Why is the Council of Legal Education denying 25 UG students automatic placement at law school?

Dear Editor,

I read with great concern a report in the local media that the Council of Legal Education (CLE) will not automatically place 25 UG Bachelor of Law (LLB) students at the Hugh Wooding Law School.

The report did not state the reason why the CLE is denying the UG students – a practice, or I should say a rule, which was in effect since the establishment of the CLE in 1972. The report only stated that the Attorney General and Minister of Legal Affairs, Anil Nandlall met with UG Vice Chancellor and he was challenging the decision through Caricom. The report added that the Guyana Government will seek to engage the heads of government to address the issue when they meet this weekend.

Guyana’s allocation has always been 25 even before UG was offering the full LLB degree course. In fact Guyana in the early years never utilized all the places. There were only five in the first batch of law students followed by three the next year.

Like my colleagues in the early years, I did Part I LLB at the University of Guyana and the second and third years at Cave Hill in Barbados, and then went to the Hugh Wooding Law School. This was the procedure until 15 years ago when UG started the full LLB programme. In fact as far as I am aware the government of Guyana is contributing to the University of the West Indies and the Council of Legal Education for the training and I am at a loss as to why now there are no automatic placements.

I know for a fact that non-Guyanese students who did the LLB programme at the University of Guyana were not automatic choices for professional training at the Hugh Wooding Law School, Norman Manley Law School in Jamaica  or Eugene Dupuch in the Bahamas, since the agreement for entry to the law schools only caters for Guyanese law students.

While I served as Solicitor General of Belize a few years ago,  I represented that Central American country at CLE meetings in Jamaica and Barbados and I fought vigorously for Belizian students who gained their LLB degrees at UG to be allowed entry to the Norman Manley Law School since Belizian students are assigned to Jamaica while Guyanese, Trinidadians, and Windward Islands students are assigned to Trinidad and Tobago.

Yours faithfully,

Oscar Ramjeet

More in Letters

default placeholder

The Region Five Chairman has committed no infraction in relation to his official duties

Dear Editor, Last Thursday, July 21, the Region Five Regional Democratic Council (RDC) was once again prevented from conducting its statutory meeting.

default placeholder

Is the leader of the GPSU an employer because he sits on the Public Service Commission?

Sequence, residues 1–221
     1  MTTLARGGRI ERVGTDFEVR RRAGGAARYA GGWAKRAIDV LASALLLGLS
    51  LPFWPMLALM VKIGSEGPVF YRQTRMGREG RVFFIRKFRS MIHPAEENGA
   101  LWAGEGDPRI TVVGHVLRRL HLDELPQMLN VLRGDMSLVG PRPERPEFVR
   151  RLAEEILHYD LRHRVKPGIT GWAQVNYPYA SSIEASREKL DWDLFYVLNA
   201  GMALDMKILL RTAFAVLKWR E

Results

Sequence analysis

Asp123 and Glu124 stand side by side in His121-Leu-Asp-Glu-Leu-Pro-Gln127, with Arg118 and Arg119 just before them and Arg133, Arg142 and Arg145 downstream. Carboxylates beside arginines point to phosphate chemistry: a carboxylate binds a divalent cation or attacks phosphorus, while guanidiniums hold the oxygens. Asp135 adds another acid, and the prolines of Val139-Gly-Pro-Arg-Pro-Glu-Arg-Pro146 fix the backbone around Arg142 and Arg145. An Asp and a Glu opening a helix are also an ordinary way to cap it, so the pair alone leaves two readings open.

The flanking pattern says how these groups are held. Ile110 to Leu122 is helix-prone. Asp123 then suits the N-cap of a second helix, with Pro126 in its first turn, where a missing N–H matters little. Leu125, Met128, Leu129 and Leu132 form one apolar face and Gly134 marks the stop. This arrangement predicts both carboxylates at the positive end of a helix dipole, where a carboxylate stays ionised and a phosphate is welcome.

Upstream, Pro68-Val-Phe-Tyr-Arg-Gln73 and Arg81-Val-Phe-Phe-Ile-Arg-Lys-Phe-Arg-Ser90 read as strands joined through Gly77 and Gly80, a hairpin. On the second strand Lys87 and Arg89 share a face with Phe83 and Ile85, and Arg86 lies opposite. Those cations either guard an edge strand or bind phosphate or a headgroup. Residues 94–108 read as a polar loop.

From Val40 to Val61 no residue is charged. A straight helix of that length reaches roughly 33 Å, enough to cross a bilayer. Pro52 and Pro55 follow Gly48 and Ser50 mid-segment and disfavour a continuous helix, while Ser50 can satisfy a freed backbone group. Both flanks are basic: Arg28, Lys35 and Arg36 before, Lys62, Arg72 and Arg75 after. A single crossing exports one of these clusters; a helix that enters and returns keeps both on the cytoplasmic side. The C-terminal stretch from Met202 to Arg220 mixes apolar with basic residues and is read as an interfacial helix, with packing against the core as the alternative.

Dear Editor, I note the letter from Mr EB John – ‘GRA employees are not public servants’ – in SN of Saturday, July 23.

default placeholder

GRA employees are not public servants

Dear Editor, According to the media there appears to be a misconstruction of roles, respectively of the Chairman and Board of the Guyana Revenue Authority, and that of the President, GPSU; probably because in one instance the authors are uninformed of the Revenue Authority Act 13 of 1996, amended by 16 of 2003, Clause 2 (1) which reads as follows: “Functions of Governing Board (16 of 2003) “(1) The Governing Board shall be responsible for – “a)   subject to subsection (2) the approval and review of the policy of the Authority; “b)   the monitoring of the performance of the Authority in carrying out functions; and “(c)  the discipline and control of all members of staff of the Authority appointed under this Act.” In an apparent rush to personalise a difference of positions between the two parties much ado has been made of the quoted expressions of the Chairman, as distinct from the statutory authority of that office and the Board.

default placeholder

Fishermen from Guyana and Suriname are the ones most affected by piracy

Dear Editor, I write on behalf of the Caribbean Network of Fisherfolk Organisation, the Guyana National Fisherfolk Organisation and the Suriname Fisherfolk Organisation ‒ Visserscollectief.

default placeholder

SOCU and SARU wield a political hatchet but masquerade as law enforcement agencies

Dear Editor, Just last week, I examined the causal connection between taxation and fear and economic decline in the context of the Guyanese economy.

default placeholder

To hang or not to hang

Dear Editor, To hang or not to hang has been a topic in Guyana, the Caribbean and much of the free world for several decades.

Comments

About these comments

The comments section is intended to provide a forum for reasoned and reasonable debate on the newspaper's content and is an extension of the newspaper and what it has become well known for over its history: accuracy, balance and fairness. We reserve the right to edit or delete comments which contain attacks on other users, slander, coarse language and profanity, and gratuitous and incendiary references to race and ethnicity.



Stay updated! Follow Stabroek News on Facebook or Twitter.

Get the day's headlines from SN in your inbox every morning: